You may be at a stage in your teaching career where you are thinking about mentoring a student teacher. When I was a student teacher I had some amazing supervising teachers that absolutely set me up for success at the beginning of my career. I have heard some not-so-good stories where a negative experience during prac has ended in the student teacher quitting their teaching degree! The impact that supervising teachers can have on a student teacher’s teaching career is massive.
It was always such a rewarding experience for me and I loved watching my student teachers develop and grow into their own teaching skin. But, some preparation beforehand can ensure that it is a great experience for both of you.
10 Tips for Mentoring a Student Teacher
(1) Casual Catch Up
Once you have made contact with your new student teacher, organise an informal catch-up over coffee or tea. Meeting in the classroom one afternoon when there won’t be any interruptions is a nice idea. This provides a space to talk about a number of things, in particular, expectations of the experience for both you and your student. There may be some university paperwork that needs to be discussed, as well as what the university expects at the end of the prac – it’s usually a reflection document or similar. Also, there may be some school policies that you will need to discuss with your student. Finally, take some time to get to know your student teacher, it helps to create that relationship with them (just like your little students!).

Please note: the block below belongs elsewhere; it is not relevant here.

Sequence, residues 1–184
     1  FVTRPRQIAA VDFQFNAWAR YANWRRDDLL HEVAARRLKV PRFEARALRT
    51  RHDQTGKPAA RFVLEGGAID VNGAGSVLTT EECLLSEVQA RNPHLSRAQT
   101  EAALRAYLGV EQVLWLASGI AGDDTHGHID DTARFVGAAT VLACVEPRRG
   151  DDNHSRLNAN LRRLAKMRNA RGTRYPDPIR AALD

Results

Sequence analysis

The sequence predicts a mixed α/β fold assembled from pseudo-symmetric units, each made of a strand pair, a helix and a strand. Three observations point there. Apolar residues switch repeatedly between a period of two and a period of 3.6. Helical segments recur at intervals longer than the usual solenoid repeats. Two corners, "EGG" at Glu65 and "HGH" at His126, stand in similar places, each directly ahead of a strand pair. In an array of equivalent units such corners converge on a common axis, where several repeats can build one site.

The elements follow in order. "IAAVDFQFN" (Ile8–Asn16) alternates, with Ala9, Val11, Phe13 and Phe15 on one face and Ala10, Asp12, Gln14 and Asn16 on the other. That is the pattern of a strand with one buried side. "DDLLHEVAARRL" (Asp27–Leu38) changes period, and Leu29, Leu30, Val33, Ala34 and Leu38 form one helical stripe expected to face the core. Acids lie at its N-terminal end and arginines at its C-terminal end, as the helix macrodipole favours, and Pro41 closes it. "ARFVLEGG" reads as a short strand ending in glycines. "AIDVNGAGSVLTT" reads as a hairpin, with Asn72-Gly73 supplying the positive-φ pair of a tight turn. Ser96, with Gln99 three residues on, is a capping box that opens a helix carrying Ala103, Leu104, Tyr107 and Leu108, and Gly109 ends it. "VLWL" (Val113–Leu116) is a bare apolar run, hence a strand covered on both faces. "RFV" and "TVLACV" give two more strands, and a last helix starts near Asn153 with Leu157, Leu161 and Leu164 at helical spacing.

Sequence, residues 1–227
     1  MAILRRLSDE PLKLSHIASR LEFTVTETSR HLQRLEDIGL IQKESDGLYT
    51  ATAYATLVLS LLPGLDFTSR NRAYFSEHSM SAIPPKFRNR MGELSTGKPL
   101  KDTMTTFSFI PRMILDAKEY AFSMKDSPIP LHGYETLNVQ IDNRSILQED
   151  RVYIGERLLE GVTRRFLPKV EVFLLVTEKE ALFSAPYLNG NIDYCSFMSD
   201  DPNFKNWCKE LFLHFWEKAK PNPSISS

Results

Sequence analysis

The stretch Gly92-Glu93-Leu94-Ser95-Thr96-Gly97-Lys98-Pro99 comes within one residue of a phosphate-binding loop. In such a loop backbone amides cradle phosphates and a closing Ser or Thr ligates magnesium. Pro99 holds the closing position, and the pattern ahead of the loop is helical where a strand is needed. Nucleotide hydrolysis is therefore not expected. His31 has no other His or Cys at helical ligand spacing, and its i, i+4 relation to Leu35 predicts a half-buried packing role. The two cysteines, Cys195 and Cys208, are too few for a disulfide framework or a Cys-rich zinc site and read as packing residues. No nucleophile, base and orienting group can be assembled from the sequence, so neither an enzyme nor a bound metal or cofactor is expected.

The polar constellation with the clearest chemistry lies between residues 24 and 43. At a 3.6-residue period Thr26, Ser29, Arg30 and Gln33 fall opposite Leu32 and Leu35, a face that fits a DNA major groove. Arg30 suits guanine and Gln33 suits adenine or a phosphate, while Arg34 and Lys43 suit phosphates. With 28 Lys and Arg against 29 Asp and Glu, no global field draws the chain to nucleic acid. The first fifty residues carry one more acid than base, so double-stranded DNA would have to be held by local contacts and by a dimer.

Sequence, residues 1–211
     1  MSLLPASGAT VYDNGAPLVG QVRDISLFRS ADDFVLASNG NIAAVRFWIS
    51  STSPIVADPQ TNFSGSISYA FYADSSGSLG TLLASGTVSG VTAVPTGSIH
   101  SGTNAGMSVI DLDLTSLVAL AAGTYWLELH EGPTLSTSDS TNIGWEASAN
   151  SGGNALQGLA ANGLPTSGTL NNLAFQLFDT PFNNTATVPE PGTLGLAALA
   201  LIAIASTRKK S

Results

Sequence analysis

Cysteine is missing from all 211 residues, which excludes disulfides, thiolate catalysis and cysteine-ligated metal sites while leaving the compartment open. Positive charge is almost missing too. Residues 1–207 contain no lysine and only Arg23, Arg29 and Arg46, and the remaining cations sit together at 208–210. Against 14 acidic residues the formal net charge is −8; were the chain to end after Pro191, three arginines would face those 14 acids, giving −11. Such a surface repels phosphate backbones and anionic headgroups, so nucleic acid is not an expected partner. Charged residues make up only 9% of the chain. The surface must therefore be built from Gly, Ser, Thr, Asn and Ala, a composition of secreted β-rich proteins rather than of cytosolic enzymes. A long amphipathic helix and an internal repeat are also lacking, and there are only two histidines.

Is this their first Prac? What subjects have they enjoyed at university? Do they have any hobbies? I once had a student teacher who played the guitar and I suggested she use that skill in the classroom!
(2) Expectations are Key
Setting clear and achievable expectations at the very start of your student teacher’s prac is paramount to their success. What are the non-negotiables for you while they are in your classroom? What time do you expect them to be at school, what is the appropriate attire, are there rules about wide-brim hats to be worn during playground duty – all of these things that come as second nature to you may not necessarily be obvious to a student teacher.